Opencast Bill in need of support

A NEW study on the extent of opencast mining in England reveals that the application for an extension of the Shotton opencast mine, which was approved by Northumberland County Council’s planning and environment on January 11, is just one of number of potential sites or extensions scattered across England, according to research undertaken for a group protesting against a planned opencast mine on the Minorca site in Leicestershire.

In all, research undertaken for the Minorca Opencast Protest Group (MOPG) reveals that there are another 40 potential opencast sites in England.

Of these, no less than 17 are in Northumberland.

They include Hoodsclose (Whittonstall, UK Coal), Ferneybeds (Widdrington Station, Banks Mining), Halton Lea Gate (HM Project Development) and others spread over much of the county.

The Minorca Opencast Protest Group produced its review entitled ‘English Opencast Coal Sites 2009-10 Part One: Current Sites’ and ‘Part Two: Potential Sites’, in support of their MP’s Private Member’s Bill, which is due to get its second reading in the House of Commons on February 11.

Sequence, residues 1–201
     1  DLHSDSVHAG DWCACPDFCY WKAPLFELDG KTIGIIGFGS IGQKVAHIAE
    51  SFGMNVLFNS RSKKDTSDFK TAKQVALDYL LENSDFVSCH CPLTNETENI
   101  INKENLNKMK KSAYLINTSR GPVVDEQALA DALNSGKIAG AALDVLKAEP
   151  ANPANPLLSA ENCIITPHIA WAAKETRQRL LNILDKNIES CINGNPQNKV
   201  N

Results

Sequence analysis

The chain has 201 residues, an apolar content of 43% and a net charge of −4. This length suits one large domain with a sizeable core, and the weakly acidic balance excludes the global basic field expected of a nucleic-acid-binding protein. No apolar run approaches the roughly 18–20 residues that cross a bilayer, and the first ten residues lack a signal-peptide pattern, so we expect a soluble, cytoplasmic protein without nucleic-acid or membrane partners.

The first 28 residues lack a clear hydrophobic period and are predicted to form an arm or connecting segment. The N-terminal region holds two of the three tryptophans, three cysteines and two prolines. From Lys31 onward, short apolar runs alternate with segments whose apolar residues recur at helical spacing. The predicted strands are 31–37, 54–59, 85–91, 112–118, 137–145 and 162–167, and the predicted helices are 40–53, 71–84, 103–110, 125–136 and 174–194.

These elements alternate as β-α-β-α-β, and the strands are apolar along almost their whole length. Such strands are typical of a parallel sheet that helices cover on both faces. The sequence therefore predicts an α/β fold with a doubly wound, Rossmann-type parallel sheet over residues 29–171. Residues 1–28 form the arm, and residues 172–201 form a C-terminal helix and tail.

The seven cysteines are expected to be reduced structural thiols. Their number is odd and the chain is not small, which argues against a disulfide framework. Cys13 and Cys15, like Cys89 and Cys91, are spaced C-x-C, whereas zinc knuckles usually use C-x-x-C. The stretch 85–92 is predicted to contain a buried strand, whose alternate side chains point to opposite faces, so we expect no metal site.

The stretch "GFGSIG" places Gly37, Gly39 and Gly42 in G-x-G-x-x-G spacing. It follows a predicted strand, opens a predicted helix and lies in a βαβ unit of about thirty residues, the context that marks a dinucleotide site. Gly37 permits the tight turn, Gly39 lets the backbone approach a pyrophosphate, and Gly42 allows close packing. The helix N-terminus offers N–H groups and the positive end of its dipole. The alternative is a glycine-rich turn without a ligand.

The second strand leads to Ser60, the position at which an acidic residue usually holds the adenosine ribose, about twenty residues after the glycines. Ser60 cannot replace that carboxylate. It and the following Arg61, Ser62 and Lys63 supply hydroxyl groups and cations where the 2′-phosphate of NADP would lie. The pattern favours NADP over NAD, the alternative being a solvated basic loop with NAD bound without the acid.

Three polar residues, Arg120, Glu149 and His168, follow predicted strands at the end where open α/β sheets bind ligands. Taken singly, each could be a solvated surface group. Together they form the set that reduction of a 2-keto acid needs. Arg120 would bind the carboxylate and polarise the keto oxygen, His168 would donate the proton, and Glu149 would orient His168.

Andrew Bridgen’s 500-Metre Buffer Zone Bill (Planning (Opencast Mining Separations Zone) Bill), is intended to bring English law into line with the policies operated in Scotland and Wales, where a 500-metre buffer zone policy already operates to prevent opencast mining from occurring within 500 metres of areas of settlement.

At present no such law exists in England.

This research has lifted the lid on the extent of opencast mining in England.

We now know that this is a national problem affecting wide areas of the country and that it is not just our own local problem.

We now have a chance, if we all get behind the 500-Metre Buffer Zone Bill, of significantly reducing the risk of opencast mining in our area in the future.

I urge all concerned local people to write to their MP and ask them to support Andrew Bridgen’s Bill when it is next debated in the House of Commons, in the interests of safeguarding the amenities of many Northumberland residents likely to be affected, and so that English people enjoy the same safeguards as those in Scotland and Wales.

The review documents are free to download from

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